3. Health certificate – $25-150
  4. Tapeworm treatment – $3-15
  5. Pet air ticket – $1000-4000 (depends where you are traveling from and the weight/size of your puppy)
  6. Document endorsement – $38 per endorsement
  7. Pet crate – $20-100+
  8. Airport consignment fee – £210 at London Heathrow

How long will it take to import a puppy to the UK?

This will depend on where you are traveling from. It can take you as little as 21 days to import a puppy, but can also take up to 4 months. 

If you are traveling from a country the UK considers controlled from rabies, the time scale will be shorter. In these cases, you will simply need to wait 21 days after your puppy’s primary rabies vaccination.

However, if you are traveling from a high-risk rabies country, your puppy will need a rabies titer test, also know as a rabies blood test. You will need to wait 30 days after your puppy’s rabies vaccination in order to have their blood taken for the test. You must then wait 3 months from the date the blood sample was taken before you travel – this doesn’t apply if your pet was vaccinated, blood tested and given a pet passport in the EU before travelling to the high-risk country.

Importing puppies to the UK (GB) from Malaysia

If your puppy is entering the UK (GB) from peninsular Malaysia, the following conditions must be met:

1. Your puppy has had no contact with pigs during at least the past 60 days prior to export.
2. Your puppy has not lived in a place where cases of Nipah disease have been confirmed during the past 60 days.
3. Your puppy has been tested with negative a result to an IgG capture ELISA test carried out in a laboratory approved for testing for Nipah disease viruses within 10 days of export.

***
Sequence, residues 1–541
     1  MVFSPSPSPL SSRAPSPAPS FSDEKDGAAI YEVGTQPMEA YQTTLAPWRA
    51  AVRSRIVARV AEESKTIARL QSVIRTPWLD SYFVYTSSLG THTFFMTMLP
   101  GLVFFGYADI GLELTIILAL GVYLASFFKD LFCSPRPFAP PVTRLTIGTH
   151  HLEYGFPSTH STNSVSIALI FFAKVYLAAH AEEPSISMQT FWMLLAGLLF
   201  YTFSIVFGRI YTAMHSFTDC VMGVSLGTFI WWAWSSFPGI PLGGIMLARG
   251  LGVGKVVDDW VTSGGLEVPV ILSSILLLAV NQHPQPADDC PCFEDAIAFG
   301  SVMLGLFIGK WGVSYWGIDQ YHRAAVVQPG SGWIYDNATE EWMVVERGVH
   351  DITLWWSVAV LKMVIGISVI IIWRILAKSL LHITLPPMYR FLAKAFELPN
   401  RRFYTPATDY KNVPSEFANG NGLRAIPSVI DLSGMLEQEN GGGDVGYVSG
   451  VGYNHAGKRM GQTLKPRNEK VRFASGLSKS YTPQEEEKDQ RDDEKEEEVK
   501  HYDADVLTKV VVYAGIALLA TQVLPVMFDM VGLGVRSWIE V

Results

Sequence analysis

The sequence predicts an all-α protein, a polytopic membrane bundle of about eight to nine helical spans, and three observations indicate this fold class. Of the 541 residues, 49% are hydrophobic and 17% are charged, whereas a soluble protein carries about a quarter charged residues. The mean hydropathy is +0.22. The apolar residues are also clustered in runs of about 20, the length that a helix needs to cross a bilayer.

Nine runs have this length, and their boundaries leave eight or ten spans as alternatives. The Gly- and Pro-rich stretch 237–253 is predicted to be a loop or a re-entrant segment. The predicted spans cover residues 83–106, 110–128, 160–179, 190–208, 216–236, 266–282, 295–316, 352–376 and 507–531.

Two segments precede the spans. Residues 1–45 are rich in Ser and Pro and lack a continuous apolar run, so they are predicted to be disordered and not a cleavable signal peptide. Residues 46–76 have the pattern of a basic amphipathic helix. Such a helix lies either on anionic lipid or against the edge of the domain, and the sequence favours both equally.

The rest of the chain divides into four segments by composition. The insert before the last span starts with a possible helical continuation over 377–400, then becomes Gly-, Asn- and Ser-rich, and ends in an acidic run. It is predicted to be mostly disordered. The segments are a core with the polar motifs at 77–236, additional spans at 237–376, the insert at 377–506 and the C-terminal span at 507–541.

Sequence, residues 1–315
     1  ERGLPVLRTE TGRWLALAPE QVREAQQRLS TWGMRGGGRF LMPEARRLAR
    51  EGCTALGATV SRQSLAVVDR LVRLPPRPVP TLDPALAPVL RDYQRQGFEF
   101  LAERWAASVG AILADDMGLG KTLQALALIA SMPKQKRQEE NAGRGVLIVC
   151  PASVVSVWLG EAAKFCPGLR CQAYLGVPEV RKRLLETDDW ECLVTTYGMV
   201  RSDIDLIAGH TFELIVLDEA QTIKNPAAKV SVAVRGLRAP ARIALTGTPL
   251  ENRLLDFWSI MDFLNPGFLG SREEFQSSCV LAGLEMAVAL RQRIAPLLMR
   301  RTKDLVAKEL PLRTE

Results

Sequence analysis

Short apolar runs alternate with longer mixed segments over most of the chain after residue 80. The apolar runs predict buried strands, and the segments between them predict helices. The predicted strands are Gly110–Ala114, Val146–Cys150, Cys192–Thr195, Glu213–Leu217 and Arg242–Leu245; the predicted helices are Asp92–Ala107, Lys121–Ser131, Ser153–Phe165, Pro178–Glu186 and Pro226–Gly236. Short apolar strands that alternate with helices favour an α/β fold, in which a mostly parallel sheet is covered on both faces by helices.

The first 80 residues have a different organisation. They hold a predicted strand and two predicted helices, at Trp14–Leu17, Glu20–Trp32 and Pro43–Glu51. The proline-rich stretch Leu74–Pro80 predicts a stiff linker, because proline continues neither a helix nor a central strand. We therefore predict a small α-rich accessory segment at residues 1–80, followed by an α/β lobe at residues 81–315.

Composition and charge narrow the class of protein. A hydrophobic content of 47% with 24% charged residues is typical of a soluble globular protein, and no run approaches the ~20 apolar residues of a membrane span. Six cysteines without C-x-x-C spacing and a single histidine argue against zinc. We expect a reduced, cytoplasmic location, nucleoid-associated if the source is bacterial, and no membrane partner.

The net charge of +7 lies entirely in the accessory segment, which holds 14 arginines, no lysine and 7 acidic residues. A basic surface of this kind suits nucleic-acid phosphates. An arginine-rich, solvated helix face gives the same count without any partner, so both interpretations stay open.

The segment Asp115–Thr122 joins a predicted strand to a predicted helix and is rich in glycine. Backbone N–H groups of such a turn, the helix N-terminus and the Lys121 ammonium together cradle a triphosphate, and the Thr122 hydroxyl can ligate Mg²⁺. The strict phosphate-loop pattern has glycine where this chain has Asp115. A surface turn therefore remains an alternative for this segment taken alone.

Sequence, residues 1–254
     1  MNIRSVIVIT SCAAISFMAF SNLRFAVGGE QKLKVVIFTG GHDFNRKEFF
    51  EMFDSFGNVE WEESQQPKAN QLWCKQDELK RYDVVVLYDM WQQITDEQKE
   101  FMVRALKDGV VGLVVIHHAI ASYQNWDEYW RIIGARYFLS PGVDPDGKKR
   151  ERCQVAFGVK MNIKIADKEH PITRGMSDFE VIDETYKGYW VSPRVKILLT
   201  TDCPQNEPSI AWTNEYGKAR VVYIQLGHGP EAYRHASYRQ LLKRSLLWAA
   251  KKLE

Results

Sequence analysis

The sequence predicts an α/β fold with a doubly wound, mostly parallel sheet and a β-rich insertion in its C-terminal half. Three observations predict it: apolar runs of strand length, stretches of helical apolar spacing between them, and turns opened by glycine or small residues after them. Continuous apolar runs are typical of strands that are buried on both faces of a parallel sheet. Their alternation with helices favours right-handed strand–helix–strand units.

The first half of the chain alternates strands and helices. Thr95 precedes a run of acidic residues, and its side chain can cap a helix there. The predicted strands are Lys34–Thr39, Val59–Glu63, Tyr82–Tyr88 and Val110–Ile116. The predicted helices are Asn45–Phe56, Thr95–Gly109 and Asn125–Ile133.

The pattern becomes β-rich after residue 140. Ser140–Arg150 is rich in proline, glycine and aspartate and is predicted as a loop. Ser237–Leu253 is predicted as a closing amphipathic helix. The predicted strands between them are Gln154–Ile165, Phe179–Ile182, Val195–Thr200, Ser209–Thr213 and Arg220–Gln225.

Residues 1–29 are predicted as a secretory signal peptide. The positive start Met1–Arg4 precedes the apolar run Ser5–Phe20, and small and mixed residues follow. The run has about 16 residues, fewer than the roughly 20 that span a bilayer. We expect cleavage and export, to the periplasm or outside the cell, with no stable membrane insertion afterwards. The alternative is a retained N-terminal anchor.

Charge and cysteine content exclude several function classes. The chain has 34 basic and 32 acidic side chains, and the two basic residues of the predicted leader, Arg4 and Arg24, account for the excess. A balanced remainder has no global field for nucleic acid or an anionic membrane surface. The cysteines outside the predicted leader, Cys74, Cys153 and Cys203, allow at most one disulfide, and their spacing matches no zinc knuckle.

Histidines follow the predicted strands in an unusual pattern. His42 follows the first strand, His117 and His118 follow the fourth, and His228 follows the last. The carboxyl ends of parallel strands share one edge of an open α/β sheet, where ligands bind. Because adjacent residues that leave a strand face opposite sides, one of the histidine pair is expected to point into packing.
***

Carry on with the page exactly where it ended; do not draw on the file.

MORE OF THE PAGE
Frequently Asked Questions

How old does a puppy have to be to enter the UK?

The length of the waiting period before entry to the UK is 21 days after the vaccination date. If the vaccination is in two parts the 21 day wait will be from the date of the second vaccination. So, pets are not able to travel until they are at least 15 weeks old.

Can I import my puppy to the UK with an EU Pet Passport?

An EU Pet Passport permits pets to travel to EU countries and listed non-EU countries without having to face quarantine. As long as your puppy is microchipped and their rabies vaccinations are up to date, you can use an EU Pet Passport to travel to the UK. Your puppy will also require a tapeworm treatment administered within 5 days of arrival in the UK.

Can my puppy fly in the airplane cabin with me?

Unfortunately, unless your puppy is an official emotional support animal, he or she will need to fly as manifest cargo. All pets entering the UK must fly as manifest cargo, with the exception of ESAs who can fly with their owners in the cabin.

Can I relocate to the UK with my pet?